MAMA Mia! Are mHealth programmes living up to the hype?

13th June 2014
Mobile communication technology is becoming a more popular tool in maternal health. Three years on since Hillary Clinton launched the MAMA programme and as Canada prepares to host the Maternal, Newborn and Child Health Summit, we look at the possibilities and potential pitfalls of this tool.

Easy to use on the move, cheap and technology-focused, mobile communication has quickly become a popular aspect of development projects.

For maternal health, this can include sending information and advice to pregnant woman at different stages of their pregnancy, monitoring the levels of stock in health centres and enabling cash payments. The use of mobile technology in health is also known as mHealth.

“Mobile communication technology provides a new opportunity to reach people that were not reachable before, in ways that they couldn’t be engaged before,” says Patricia Mechael is the Executive Director of the mHealth Alliance.

One of the most well-known mHealth schemes is MAMA (Mobile Alliance for Maternal Action), launched three years ago by Hillary Clinton. MAMA works in Bangladesh, South Africa, and India.

Aponjon. Mobile Alliance for Maternal Action (MAMA) Bangladesh using a short code '16227', provides pregnant and new mother’s life saving information through SMS and IVRs.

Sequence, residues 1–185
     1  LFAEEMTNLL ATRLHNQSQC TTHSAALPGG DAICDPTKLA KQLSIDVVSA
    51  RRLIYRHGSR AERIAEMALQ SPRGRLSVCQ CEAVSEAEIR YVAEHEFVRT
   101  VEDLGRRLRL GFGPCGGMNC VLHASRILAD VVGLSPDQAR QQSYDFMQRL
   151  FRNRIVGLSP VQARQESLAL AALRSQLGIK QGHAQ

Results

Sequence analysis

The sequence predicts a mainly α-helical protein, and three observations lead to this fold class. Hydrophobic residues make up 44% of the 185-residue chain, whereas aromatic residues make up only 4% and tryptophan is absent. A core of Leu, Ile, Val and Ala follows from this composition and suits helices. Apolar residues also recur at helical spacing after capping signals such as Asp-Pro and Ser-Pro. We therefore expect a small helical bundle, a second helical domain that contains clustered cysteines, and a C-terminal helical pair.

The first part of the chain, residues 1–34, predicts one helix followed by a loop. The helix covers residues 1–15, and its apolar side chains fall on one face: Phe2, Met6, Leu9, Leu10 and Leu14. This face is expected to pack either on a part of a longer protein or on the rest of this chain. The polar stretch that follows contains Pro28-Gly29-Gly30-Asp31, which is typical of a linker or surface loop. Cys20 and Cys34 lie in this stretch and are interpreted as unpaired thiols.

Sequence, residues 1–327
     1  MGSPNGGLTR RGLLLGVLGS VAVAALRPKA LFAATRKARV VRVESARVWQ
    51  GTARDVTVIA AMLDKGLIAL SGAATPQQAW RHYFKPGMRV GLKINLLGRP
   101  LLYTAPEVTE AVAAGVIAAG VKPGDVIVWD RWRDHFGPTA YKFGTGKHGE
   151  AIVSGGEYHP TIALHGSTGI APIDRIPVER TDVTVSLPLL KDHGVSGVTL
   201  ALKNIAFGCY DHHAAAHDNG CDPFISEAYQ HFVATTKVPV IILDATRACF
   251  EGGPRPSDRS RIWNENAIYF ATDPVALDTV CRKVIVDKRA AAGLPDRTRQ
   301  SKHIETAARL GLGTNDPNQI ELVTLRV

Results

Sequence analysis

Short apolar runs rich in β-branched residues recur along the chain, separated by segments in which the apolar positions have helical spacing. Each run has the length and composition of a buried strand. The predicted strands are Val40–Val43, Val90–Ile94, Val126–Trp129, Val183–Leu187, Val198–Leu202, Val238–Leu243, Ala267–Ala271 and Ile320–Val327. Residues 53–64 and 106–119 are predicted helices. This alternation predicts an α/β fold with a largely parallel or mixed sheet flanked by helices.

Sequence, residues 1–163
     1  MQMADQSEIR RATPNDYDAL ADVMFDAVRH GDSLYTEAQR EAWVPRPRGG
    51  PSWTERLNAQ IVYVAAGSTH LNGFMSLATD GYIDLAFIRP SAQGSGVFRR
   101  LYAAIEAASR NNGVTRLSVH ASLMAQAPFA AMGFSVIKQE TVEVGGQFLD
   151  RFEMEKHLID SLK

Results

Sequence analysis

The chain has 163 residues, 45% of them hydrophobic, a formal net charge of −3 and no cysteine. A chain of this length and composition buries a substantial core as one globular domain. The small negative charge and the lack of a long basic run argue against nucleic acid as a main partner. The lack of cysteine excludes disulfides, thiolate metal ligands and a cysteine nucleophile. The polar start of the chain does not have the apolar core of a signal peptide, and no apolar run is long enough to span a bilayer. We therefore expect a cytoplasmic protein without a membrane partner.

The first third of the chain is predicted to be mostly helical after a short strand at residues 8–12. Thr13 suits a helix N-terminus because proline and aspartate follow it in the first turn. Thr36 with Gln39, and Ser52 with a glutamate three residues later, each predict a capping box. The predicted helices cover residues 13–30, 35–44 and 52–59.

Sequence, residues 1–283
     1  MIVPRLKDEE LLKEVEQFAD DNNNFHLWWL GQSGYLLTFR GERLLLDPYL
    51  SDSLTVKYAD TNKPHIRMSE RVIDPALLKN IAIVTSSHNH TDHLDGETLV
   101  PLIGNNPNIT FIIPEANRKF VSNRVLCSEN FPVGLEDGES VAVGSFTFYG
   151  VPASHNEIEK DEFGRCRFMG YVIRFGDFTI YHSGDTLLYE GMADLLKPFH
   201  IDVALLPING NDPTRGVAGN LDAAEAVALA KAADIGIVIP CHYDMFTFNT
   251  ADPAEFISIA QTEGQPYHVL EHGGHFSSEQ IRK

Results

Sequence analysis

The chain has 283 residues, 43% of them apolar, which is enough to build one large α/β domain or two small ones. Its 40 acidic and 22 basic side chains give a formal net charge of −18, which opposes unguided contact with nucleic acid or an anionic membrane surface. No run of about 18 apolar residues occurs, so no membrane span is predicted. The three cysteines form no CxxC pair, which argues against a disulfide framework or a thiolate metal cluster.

Image: Aponjon poster courtesy of MCC Multimedia, Bangladesh

The Aponjon initiative was set up under this partnership by Bangladesh-based social enterprise Dnet. It runs a service for new and expecting mothers and their families where information is delivered twice a week to mothers and once a week to family members. This is done either through SMS or short ‘mini-skit’ voice messages, with a mixture of ‘direct’ and ‘drama’ messages using actors in roles such a pregnant woman and doctor.

Rizwana Rashid Auni, CEO of Dnet and Director of the Aponjon programme, says the project now has over 500,000 subscribers. “It would have not been possible for us to go door to door to all those people delivering service for 89 weeks,” she explains. “Using mobile phone technology makes the project cost effective, reachable within a very short period of time.”

Although there is a lot of excitement around mHealth for development, some in the sector have concerns about the challenges involved in doing this effectively.

Institute of Development Studies Research Fellow, Inka Barnett, has worked on several development projects which involve mobile phone technology for nutrition. She feels that there is not yet enough critical literature on issues around mobile technology. “Even when projects fail this is not really highlighted very strongly,” she says.

Barnett says that the use of mobile technology can often be a 'top-down' idea, coming from an international NGO’s headquarters or national government. “I think mobile phone technology is often seen as a quick fix without analysing what the challenges on the ground are and where the mobile phone might really help,” she explains.